Research Article: Breastfeeding, HIV exposure, childhood obesity, and prehypertension: A South African cohort study

Date Published: August 27, 2019

Publisher: Public Library of Science

Author(s): Brian Houle, Tamsen J. Rochat, Marie-Louise Newell, Alan Stein, Ruth M. Bland, Kathleen Rasmussen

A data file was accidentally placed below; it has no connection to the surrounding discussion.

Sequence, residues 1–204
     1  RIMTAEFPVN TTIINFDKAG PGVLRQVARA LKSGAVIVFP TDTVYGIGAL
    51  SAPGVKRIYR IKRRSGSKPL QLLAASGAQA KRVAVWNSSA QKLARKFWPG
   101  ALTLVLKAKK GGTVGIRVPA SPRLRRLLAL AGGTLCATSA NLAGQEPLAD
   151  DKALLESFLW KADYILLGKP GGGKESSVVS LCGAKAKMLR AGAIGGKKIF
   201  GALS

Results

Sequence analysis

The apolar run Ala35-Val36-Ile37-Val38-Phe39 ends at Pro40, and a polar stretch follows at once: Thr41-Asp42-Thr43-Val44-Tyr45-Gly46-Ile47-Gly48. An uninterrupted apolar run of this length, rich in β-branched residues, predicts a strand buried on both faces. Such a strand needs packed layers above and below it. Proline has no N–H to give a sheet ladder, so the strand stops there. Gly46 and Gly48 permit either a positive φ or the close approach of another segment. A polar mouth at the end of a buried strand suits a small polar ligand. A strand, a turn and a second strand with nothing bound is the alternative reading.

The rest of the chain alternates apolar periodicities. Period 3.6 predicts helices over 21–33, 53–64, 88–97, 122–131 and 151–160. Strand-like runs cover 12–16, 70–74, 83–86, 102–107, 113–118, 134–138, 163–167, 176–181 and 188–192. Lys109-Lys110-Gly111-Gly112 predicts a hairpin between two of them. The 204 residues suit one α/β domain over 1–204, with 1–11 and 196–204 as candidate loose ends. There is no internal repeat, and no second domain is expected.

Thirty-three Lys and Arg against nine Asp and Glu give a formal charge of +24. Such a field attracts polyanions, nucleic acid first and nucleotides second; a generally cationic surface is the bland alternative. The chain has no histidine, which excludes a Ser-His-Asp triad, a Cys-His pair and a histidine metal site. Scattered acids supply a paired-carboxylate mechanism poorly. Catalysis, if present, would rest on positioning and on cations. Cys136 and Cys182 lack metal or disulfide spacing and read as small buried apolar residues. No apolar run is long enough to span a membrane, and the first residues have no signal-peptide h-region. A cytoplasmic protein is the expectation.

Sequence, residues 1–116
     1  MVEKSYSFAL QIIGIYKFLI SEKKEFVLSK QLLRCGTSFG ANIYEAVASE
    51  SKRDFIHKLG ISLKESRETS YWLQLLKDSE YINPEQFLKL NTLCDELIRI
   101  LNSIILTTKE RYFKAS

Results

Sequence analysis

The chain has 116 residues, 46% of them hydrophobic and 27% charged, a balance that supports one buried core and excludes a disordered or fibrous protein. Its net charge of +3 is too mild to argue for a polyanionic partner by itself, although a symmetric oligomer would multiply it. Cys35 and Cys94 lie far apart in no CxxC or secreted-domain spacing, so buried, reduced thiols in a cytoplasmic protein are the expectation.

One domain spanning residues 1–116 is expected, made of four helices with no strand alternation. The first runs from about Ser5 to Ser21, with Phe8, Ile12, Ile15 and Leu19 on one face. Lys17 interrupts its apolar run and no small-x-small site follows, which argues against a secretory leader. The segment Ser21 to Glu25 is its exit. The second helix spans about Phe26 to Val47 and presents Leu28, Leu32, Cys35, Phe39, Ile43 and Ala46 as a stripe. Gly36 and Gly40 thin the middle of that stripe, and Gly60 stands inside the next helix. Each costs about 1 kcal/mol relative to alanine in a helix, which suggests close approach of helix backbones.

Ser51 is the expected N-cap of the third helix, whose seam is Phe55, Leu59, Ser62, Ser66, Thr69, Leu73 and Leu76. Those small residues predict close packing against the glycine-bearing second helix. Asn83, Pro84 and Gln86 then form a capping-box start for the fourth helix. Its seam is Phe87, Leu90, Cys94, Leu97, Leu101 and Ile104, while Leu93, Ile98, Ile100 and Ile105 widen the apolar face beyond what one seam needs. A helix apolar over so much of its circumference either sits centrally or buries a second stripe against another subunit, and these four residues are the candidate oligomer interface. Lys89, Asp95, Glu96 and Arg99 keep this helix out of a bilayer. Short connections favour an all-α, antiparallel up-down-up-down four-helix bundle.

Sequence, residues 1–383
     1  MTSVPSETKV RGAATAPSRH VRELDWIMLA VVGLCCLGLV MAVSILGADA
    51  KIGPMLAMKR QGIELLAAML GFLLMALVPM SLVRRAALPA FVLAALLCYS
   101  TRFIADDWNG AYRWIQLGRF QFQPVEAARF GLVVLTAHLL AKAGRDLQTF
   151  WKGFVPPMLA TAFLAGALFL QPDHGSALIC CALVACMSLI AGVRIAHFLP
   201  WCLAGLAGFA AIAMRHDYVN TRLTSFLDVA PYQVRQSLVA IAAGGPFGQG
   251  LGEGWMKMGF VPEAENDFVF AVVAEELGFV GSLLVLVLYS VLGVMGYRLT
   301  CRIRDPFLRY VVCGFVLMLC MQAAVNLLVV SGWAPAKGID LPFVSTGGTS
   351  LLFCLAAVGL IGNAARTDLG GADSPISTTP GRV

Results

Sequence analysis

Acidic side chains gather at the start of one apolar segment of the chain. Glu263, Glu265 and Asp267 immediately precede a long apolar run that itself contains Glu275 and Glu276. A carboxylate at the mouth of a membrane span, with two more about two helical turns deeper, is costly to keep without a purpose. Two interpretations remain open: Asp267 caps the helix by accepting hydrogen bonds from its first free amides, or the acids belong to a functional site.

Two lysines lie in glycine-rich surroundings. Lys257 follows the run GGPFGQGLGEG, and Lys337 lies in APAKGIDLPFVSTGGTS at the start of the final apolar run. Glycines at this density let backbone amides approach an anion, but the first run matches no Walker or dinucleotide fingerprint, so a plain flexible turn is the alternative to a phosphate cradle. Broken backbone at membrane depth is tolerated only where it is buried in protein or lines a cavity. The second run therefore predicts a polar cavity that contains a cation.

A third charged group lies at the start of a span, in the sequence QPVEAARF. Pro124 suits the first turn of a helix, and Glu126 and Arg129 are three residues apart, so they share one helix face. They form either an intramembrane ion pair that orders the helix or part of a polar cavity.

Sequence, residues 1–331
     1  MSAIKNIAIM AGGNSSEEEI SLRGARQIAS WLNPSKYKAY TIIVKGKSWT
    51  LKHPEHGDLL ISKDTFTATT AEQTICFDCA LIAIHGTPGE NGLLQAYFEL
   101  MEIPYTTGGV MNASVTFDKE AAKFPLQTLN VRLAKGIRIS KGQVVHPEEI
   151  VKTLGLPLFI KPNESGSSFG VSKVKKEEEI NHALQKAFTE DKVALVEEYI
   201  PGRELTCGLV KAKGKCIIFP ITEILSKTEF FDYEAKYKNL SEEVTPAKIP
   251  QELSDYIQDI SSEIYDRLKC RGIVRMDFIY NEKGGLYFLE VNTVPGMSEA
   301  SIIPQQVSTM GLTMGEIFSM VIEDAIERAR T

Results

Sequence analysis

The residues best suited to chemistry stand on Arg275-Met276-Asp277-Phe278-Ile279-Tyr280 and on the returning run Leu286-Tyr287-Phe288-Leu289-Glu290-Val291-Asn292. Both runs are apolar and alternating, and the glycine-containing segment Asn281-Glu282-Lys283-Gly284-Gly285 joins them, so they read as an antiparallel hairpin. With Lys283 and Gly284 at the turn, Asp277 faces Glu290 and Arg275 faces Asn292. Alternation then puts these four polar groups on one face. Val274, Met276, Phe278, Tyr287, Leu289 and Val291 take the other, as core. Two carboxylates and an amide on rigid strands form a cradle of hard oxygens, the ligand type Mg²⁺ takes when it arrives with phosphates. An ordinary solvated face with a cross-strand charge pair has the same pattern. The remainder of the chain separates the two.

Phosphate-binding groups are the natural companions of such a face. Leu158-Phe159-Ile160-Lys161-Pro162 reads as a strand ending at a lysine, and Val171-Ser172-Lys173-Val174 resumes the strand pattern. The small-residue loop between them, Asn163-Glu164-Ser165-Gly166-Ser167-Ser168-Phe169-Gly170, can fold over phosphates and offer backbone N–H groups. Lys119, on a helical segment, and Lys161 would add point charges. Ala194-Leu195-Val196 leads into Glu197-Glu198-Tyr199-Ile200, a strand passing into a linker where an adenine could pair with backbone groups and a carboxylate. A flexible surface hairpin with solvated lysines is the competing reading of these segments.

Abstract: BackgroundEvidence on the association between breastfeeding and later childhood obesity and blood pressure (BP) is inconsistent, especially in HIV-prevalent areas where, until recently, HIV-infected women were discouraged from breastfeeding, but obesity is increasingly prevalent.Methods and findingsThe Siyakhula cohort (2012–2014), a population-based prospective cohort study, collected data over 3 visits on HIV-negative children ages 7 to 11 years in rural South Africa. We used weight (body mass index [BMI]), fat, and BP as outcome variables and incorporated early life (including mother’s age at delivery and HIV status) and current life factors (including maternal education and current BMI). Our primary exposure was breastfeeding duration. We dichotomized 3 outcome measures using pre-established thresholds for clinical interpretability: (1) overfat: ≥85th percentile of body fat; (2) overweight: >1 SD BMI z score; and (3) prehypertension: ≥90th percentile for systolic BP (SBP) or diastolic BP (DBP). We modelled each outcome using multivariable logistic regression, including stopping breastfeeding, then early life, and finally current life factors. Of 1,536 children (mean age = 9.3 years; 872 girls; 664 boys), 7% were overfat, 13.2% overweight, and 9.1% prehypertensive. Over half (60%) of the mothers reported continued breastfeeding for 12+ months. In multivariable analyses, continued breastfeeding between 6 and 11 months was associated with approximately halved odds of both being overfat (adjusted odds ratio [aOR] = 0.43, 95% confidence interval [CI] 0.21–0.91, P = 0.027) and overweight (aOR = 0.46, CI 0.26–0.82, P = 0.0083), but the association with prehypertension did not reach statistical significance (aOR = 0.72, CI 0.38–1.37, P = 0.32). Children with a mother who was currently obese were 5 times more likely (aOR = 5.02, CI 2.47–10.20, P < 0.001) to be overfat and over 4 times more likely to be overweight (aOR = 4.33, CI 2.65–7.09, P < 0.001) than children with normal weight mothers. Differences between HIV-exposed and unexposed children on any of the outcomes were minimal and not significant. The main study limitation was that duration of breastfeeding was based on maternal recall.ConclusionsTo our knowledge, this is the first study examining and quantifying the association between breastfeeding and childhood obesity in an African setting with high HIV prevalence. We observed that breastfeeding was independently associated with reduced childhood obesity for both HIV-exposed and unexposed children, suggesting that promoting optimal nutrition throughout the life course, starting with continued breastfeeding, may be critical to tackling the growing obesity epidemic. In the era of widespread effective antiretroviral treatment for HIV-infected women for life, these data further support the recommendation of breastfeeding for all women.